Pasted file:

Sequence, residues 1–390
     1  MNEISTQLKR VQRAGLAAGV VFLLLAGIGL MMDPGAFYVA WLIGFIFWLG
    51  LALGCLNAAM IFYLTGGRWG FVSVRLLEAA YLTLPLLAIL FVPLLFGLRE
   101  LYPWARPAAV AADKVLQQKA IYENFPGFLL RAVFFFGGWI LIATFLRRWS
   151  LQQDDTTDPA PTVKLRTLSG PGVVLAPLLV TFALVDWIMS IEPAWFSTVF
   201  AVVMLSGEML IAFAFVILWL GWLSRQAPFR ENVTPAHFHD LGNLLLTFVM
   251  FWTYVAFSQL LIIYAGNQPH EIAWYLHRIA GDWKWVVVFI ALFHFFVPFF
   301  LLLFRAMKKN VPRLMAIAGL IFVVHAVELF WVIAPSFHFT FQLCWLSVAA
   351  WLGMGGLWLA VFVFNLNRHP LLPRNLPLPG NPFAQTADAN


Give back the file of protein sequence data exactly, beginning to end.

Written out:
Sequence, residues 1–390
     1  MNEISTQLKR VQRAGLAAGV VFLLLAGIGL MMDPGAFYVA WLIGFIFWLG
    51  LALGCLNAAM IFYLTGGRWG FVSVRLLEAA YLTLPLLAIL FVPLLFGLRE
   101  LYPWARPAAV AADKVLQQKA IYENFPGFLL RAVFFFGGWI LIATFLRRWS
   151  LQQDDTTDPA PTVKLRTLSG PGVVLAPLLV TFALVDWIMS IEPAWFSTVF
   201  AVVMLSGEML IAFAFVILWL GWLSRQAPFR ENVTPAHFHD LGNLLLTFVM
   251  FWTYVAFSQL LIIYAGNQPH EIAWYLHRIA GDWKWVVVFI ALFHFFVPFF
   301  LLLFRAMKKN VPRLMAIAGL IFVVHAVELF WVIAPSFHFT FQLCWLSVAA
   351  WLGMGGLWLA VFVFNLNRHP LLPRNLPLPG NPFAQTADAN